Rough Road: Construction begins on Dan Ryan
April 1, 2006 (WLS) -- The barricades are up, the lanes are closed, and the construction crews are at work on the Dan Ryan Expressway Reconstruction Project.
The work got underway around 10 p.m. Friday. The construction will cut the number of available lanes on the Dan Ryan in half and take away the shoulders. The renovation will affect Interstate 90/94 in both directions from 13th Street to the Bishop Ford interchange.
Chicago Mayor Richard Daley is encouraging commuters to use public transportation rather than travel the Dan Ryan during construction. Daley says those who decide to drive should try to car pool or look into alternate routes.
IDOT officials recommend drivers stay off the Dan Ryan Expressway whenever possible. They recommend the following alternatives:
- Ashland Avenue on the west
- Stoney Island on the east
- Lake Shore Drive on the east
"This is the biggest project that I personally have been part of. The $600 million urban expressway reconstruction. They don't happen all that often," said Jacek Tyszkiewicz, IDOT Dan Ryan Project Engineer.
Tyszkiewicz knows the two-year-long Dan Ryan reconstruction project means rough roads ahead, but the already congested expressway four decades old is in dire need of a facelift.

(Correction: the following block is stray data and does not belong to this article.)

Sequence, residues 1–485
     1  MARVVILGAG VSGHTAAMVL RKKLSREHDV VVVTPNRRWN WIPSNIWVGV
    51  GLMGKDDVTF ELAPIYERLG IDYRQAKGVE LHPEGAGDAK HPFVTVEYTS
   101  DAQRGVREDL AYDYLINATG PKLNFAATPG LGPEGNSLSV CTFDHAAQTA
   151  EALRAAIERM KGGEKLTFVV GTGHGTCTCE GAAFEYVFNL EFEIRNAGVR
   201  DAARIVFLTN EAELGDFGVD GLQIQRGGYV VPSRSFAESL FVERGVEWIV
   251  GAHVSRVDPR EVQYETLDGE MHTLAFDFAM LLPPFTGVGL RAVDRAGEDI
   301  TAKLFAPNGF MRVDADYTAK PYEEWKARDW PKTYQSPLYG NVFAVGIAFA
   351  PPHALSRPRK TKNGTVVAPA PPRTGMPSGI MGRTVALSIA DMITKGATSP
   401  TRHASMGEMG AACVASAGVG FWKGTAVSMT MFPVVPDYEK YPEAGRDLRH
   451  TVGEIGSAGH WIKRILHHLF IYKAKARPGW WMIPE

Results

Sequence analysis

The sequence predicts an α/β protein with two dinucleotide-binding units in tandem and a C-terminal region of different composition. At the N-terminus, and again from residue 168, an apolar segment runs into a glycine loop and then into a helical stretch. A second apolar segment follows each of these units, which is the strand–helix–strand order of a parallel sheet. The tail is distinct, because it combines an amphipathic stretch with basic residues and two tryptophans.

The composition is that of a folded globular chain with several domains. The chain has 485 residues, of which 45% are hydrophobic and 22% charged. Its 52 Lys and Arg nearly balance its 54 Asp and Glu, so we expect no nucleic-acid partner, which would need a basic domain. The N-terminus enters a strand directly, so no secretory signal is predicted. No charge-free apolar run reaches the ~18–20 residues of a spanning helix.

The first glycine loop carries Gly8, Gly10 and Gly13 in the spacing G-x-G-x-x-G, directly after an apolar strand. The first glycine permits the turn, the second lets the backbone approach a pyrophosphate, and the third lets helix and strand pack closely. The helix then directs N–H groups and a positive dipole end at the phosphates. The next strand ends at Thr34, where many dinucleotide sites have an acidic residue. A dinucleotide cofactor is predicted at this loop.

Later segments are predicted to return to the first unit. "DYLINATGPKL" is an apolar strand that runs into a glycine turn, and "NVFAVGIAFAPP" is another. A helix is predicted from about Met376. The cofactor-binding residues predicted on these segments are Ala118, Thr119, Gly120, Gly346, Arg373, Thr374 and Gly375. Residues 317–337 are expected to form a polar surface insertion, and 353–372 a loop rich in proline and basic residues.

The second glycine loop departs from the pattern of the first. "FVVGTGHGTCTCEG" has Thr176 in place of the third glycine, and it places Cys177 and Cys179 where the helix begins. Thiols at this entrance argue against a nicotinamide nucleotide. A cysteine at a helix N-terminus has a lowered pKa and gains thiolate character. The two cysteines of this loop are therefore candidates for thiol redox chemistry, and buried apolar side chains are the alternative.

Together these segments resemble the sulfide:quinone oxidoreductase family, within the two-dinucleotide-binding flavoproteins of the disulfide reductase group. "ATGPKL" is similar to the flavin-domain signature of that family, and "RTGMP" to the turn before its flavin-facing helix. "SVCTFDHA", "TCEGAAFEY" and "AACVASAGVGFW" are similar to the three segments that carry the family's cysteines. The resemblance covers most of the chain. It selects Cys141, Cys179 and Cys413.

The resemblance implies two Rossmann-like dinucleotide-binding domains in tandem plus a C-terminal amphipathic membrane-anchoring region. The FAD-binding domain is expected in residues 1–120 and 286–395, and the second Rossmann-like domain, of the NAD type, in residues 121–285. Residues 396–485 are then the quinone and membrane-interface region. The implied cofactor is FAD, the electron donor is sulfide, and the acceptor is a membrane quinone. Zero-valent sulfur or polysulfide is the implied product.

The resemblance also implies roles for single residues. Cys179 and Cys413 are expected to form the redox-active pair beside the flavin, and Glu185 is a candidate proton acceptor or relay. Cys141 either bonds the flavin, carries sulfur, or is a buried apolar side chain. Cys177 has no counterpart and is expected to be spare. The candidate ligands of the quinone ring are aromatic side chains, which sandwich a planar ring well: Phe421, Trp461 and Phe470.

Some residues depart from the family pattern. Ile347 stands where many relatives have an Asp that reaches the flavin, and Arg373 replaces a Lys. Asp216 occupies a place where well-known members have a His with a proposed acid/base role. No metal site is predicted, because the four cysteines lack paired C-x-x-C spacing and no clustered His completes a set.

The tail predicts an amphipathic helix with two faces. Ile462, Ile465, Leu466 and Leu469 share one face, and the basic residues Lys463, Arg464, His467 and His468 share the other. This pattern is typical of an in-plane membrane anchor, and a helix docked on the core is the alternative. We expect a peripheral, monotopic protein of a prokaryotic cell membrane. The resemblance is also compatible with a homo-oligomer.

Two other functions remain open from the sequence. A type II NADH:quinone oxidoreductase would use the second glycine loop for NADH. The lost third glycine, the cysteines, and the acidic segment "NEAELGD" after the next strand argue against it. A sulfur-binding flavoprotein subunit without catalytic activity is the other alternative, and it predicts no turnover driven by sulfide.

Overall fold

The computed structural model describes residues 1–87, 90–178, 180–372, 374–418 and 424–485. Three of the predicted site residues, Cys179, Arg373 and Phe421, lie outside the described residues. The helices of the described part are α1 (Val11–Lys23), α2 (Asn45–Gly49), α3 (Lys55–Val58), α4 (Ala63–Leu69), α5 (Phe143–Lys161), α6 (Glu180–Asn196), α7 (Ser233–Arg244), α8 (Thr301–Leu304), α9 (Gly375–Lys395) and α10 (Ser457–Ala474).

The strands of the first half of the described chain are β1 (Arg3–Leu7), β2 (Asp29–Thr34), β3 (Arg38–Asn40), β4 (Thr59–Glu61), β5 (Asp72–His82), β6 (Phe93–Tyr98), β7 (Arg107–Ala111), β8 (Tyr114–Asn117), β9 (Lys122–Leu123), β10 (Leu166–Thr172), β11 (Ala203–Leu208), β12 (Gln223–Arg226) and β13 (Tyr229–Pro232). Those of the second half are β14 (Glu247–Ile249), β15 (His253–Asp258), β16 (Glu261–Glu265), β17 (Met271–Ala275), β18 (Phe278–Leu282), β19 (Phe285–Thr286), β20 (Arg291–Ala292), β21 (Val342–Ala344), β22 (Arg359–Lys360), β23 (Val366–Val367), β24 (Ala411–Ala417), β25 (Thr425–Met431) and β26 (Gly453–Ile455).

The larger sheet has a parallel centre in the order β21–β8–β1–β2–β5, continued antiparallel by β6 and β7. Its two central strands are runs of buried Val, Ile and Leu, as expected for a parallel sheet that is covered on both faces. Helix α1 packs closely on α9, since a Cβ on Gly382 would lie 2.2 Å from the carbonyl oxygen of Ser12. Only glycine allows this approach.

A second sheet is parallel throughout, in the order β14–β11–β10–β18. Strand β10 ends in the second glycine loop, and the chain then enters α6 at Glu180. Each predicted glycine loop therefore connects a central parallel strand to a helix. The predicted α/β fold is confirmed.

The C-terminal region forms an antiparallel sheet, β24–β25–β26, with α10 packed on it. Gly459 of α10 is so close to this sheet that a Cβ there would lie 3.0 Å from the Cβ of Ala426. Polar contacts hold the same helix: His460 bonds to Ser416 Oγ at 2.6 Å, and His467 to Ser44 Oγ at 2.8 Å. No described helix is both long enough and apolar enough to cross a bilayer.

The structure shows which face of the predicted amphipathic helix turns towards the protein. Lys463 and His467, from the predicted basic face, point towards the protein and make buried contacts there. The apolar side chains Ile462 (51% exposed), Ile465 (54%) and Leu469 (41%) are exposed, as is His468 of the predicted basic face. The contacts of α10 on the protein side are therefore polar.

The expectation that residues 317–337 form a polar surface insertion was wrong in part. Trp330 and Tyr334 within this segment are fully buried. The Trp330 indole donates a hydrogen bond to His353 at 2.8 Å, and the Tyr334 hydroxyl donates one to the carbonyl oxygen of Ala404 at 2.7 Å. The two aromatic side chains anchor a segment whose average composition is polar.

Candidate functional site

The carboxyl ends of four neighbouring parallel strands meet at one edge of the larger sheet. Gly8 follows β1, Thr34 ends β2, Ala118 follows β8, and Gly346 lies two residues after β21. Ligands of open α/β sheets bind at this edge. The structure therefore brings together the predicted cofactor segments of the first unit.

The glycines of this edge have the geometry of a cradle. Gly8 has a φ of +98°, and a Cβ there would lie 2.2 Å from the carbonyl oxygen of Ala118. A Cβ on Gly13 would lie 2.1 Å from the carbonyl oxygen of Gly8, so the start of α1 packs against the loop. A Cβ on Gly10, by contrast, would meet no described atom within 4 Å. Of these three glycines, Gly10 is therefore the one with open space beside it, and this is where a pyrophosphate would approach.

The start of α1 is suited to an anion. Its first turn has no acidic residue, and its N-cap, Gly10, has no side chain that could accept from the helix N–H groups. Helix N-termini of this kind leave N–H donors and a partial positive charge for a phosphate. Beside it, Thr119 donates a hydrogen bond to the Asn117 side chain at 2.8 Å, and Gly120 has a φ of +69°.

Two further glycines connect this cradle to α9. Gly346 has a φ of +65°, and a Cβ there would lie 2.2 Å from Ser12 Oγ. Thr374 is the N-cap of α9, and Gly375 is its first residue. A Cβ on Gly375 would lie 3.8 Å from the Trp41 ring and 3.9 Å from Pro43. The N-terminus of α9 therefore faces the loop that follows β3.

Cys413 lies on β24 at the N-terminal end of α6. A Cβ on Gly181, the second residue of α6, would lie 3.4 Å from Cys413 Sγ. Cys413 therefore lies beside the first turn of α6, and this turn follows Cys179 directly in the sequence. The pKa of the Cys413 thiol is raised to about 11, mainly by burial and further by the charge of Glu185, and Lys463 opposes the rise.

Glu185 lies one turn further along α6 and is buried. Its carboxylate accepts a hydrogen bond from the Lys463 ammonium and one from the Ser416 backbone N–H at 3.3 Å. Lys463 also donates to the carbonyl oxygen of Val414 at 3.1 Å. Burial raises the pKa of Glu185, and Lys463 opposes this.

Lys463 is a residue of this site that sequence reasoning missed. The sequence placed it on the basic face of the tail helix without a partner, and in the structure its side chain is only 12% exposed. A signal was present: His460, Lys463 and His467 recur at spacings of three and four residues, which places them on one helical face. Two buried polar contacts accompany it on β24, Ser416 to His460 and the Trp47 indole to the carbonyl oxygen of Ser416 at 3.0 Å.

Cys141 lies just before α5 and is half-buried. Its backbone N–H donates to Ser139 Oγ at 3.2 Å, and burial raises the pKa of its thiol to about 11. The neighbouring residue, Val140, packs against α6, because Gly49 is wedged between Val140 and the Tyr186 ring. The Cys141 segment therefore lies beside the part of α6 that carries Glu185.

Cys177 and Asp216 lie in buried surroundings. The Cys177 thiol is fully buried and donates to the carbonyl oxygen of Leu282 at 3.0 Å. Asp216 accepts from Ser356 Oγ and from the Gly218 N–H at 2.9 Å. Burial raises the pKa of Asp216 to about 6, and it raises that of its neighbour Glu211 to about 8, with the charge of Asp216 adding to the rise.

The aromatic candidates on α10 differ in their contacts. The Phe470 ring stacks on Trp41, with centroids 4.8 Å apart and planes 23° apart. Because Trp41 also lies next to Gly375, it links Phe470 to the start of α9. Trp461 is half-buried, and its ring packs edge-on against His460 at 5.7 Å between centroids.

"The pavement underneath the asphalt is crumbling. The drainage wasn't that particularly good. The planners back in the 1960's expect only 150,000 vehicles a day," said Tyszkiewicz.
The expressway will be down to three lanes in each direction.
"It's going to be painful. The expressway will be painful," said Tyszkiewicz.
Once complete, there will be an additional lane in either direction on the Dan Ryan.
"By virtue of just adding that lane all the way through the system in both directions northbound and southbound, you're going to increase the capacity," said Tyszkiewicz.
In addition to taking alternative routes, IDOT officials are also recommending drivers share the commute and van-pool to work.
Some businesses along the alternate routes are looking forward to the reconstruction. One diner is already seeing an increase in business.
"This is a good thing for me, yes. I got two new signs, I got extra help for my cook," said Anthoula Karagiannis, John's Drive-In Diner.
Some are worry the construction could drive them out of business.
"The last few years we have been struggling with the economy, so it's going to really be very bad for businesses around this section of State Street," said Jessie Yousef, Stockyard Meat and Produce.
Some say the parking restrictions are hurting their business.
"I'm hoping we'll find some way to figure out what we can do for our customers," said Diana Garza, Crucial Gear Clothing.
Even though the closures will be in place over the weekend, the real test will come during the Monday morning commute.
The Associated Press contributed to this report. All rights reserved.
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